STREET SMARTS: MOSSMAN ROAD

Street Smarts: Slight but tough rancher helped tame wild, wooly Arizona

2013-05-14T00:00:00Z 2014-07-02T15:34:35Z Street Smarts: Slight but tough rancher helped tame wild, wooly ArizonaDavid Leighton For The Arizona Daily Star Arizona Daily Star

Burton C. Mossman stood barely 5 feet 8 inches tall with his boots on, and weighed 160 pounds after a steak dinner.

But he was tough as nails.

In 1901, Arizona Territorial Gov. Nathan O. Murphy met with Mossman, a prominent cattle rancher, at a saloon in Holbrook to ask him to be captain of the newly formed Arizona Rangers. The Rangers' mission was to rid the Arizona Territory of cattle rustlers, horse thieves and murderers.

Mossman accepted the position and chose a sergeant and 12 men, including veteran Rough Riders, lawmen and able residents. In the first 12 months, these men rid the territory of more than 125 wanted outlaws, and scared many more across the border.

Mossman is most famous for his bold and daring manhunt of one of the most wanted men in the history of Arizona and Sonora, Mexico: Augustine Chacon, who had murdered 15 Americans and 37 Mexicans.

Crossing the border unarmed and with the help of Burt Alvord, an outlaw who agreed to help in hopes of getting a lighter sentence, Mossman brought Chacon into the gallows.

In the eight years the Arizona Rough Riders were active, they were very effective at stopping crime and driving out criminals. Ultimately, they did so well they put themselves out of business. Most of them became successful businessmen and prominent citizens.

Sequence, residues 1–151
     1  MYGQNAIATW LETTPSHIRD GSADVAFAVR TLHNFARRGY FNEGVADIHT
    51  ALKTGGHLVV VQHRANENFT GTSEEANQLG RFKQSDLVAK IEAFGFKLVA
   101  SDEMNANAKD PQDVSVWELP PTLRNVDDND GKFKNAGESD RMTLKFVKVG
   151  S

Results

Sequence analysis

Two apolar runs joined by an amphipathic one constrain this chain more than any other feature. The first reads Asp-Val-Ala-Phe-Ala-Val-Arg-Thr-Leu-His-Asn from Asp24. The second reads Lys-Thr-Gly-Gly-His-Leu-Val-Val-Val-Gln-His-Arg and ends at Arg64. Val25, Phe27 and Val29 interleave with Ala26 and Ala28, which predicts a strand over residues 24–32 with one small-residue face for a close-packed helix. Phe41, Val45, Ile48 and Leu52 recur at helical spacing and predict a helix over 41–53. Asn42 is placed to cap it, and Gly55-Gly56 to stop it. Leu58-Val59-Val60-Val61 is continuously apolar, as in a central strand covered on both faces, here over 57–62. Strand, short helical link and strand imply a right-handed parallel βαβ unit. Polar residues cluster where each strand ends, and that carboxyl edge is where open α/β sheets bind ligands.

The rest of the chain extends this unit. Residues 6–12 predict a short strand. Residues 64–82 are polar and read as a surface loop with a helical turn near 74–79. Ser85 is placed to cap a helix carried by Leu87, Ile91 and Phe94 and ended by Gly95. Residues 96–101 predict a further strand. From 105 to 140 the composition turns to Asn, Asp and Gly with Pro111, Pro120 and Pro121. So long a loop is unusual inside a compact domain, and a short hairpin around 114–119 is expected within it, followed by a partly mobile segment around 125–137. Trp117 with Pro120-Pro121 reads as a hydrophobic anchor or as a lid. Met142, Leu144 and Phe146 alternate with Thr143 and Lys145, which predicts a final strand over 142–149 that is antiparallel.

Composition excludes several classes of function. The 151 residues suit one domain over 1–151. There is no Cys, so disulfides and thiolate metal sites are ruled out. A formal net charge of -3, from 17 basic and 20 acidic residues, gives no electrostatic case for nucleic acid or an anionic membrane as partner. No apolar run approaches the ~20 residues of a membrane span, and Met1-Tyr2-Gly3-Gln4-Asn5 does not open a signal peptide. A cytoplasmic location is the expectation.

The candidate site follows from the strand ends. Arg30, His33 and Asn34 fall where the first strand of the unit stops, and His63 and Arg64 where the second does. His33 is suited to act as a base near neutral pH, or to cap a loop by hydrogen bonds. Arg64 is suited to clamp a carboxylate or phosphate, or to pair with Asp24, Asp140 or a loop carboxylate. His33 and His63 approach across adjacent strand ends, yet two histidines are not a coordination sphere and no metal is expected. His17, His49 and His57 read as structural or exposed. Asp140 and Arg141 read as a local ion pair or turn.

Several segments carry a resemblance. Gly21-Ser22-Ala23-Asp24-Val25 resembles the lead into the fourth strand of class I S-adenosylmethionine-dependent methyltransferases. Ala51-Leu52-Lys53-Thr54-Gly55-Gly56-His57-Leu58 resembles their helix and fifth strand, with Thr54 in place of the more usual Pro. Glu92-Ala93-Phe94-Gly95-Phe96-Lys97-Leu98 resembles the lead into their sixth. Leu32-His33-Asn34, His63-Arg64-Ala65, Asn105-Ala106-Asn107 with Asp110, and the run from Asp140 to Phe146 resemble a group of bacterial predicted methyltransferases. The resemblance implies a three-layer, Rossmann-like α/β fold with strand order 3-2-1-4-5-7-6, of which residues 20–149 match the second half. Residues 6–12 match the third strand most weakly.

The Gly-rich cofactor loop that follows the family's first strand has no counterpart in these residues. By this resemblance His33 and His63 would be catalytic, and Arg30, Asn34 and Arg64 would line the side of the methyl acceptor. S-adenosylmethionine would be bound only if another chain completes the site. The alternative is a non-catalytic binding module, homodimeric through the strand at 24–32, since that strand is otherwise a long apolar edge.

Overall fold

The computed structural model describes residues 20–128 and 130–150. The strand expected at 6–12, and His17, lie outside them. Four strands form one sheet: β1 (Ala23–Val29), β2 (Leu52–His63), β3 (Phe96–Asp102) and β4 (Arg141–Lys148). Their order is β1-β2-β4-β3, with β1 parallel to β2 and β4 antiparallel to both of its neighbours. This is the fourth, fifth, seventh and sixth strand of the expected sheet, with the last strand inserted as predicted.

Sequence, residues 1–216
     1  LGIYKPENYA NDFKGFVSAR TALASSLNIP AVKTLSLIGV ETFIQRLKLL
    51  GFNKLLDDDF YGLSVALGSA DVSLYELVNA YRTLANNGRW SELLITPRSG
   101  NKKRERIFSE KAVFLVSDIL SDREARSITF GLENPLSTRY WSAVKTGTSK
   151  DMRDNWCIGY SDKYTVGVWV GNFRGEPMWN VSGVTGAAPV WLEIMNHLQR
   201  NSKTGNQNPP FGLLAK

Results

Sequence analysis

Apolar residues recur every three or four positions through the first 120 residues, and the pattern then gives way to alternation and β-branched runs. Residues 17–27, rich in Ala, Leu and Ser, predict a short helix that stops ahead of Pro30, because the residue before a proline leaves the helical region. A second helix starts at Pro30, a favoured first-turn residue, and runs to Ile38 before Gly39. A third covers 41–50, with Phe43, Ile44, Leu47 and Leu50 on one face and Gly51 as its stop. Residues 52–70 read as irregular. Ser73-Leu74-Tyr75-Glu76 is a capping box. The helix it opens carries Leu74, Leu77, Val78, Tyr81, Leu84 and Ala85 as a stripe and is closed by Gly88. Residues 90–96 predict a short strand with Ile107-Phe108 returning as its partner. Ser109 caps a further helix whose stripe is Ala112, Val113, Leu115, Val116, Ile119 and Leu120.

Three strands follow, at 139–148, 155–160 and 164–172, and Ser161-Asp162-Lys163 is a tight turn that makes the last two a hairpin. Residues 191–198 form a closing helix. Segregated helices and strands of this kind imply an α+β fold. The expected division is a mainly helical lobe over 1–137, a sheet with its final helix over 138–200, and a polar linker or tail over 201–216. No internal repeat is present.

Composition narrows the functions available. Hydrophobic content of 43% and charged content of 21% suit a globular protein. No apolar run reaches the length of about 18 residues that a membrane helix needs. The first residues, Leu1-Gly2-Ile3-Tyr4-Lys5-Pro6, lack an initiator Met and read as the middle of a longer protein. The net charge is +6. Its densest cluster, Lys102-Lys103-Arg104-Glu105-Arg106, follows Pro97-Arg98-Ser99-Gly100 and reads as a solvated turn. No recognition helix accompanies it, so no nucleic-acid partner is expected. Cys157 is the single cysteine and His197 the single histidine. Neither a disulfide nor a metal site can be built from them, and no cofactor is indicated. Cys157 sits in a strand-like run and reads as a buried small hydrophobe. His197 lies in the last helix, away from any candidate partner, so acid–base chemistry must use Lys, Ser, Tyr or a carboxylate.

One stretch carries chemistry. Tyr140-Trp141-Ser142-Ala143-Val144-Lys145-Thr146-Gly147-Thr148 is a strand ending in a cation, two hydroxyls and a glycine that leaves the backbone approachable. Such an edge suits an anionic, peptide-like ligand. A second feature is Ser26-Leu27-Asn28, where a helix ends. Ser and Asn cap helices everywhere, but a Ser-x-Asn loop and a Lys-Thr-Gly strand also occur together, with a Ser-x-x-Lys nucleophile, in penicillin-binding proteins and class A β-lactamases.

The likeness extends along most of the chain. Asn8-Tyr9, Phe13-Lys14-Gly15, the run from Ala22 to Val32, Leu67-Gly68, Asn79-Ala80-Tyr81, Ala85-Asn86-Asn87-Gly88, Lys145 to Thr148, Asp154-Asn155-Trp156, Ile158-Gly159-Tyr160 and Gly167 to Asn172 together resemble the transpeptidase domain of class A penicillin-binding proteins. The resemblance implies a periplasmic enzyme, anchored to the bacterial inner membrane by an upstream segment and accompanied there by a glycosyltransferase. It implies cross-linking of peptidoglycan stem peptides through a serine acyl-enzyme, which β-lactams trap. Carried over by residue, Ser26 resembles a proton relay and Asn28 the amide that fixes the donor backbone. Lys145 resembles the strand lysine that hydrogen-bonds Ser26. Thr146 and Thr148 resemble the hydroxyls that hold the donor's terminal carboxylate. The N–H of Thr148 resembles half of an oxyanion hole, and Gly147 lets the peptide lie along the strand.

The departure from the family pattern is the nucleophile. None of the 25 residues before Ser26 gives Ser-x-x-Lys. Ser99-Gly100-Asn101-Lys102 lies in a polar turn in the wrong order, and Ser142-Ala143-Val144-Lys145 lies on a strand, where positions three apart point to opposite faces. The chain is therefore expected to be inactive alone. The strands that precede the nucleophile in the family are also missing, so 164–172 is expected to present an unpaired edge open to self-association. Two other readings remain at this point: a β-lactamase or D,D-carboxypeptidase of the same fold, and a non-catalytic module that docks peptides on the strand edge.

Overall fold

Mossman was no exception. Following the Rangers, he spent many years ranching in northern Mexico and the United States, and finally hung up his saddle in 1944.

For Mossman, his final career was a continuation of his first. He was born in 1867 to George W., a Civil War veteran, and Anna (West) Mossman in Aurora, Ill. He was reared in Minnesota, but by age 16 he had come to the Territory of New Mexico. At 21 he was in charge of his first cattle spread, and nine years later was he managing the 2 million acres of the Hash Knife Ranch in Northern Arizona, near Holbrook.

His grandchildren still remember their grandpa spinning tales of life in the Old West. Some were the God's honest truth, and others were more fiction than fact.

Like most real cowboys, Mossman never died, he just faded away in 1956, in Roswell, N.M. He is buried in Kansas City, Mo.

The east-west Tucson road that bears his name is bounded by West Drexel Road, South Palo Verde Road, West Bilby Road and South Country Club Road. Neighboring streets include (Bat) Masterson Avenue, and Wyatt (Earp) Street, in a neighborhood that could be nicknamed Lawman & Outlaw Square.

Editor's note

Each week the Star tells the stories behind Tucson street names. If you have streets to suggest or stories to share, contact writer David Leighton at streetsmarts@azstarnet.com

Sources: Special thanks to Richard W. Hughes for research assistance; Phone Interview with Mary Burton Riseley of New Mexico, granddaughter of Burton Mossman; Emails from Margaret R. Barbour of Arizona, granddaughter of Burton Mossman; professor Howard R. Lamar, "The New Encyclopedia of the American West," Yale University Press, 1998; Jim Turner, "Arizona: A Celebration of the Grand Canyon State," Gibbs-Smith Pub. 2011; Charles Hewes, "Captain of the Arizona Rangers," Saga magazine, June 1958; Dan Thrapp, "Encyclopedia of Frontier Biography," University of Nebraska Press, 1988

Copyright 2014 Arizona Daily Star. All rights reserved. This material may not be published, broadcast, rewritten or redistributed.

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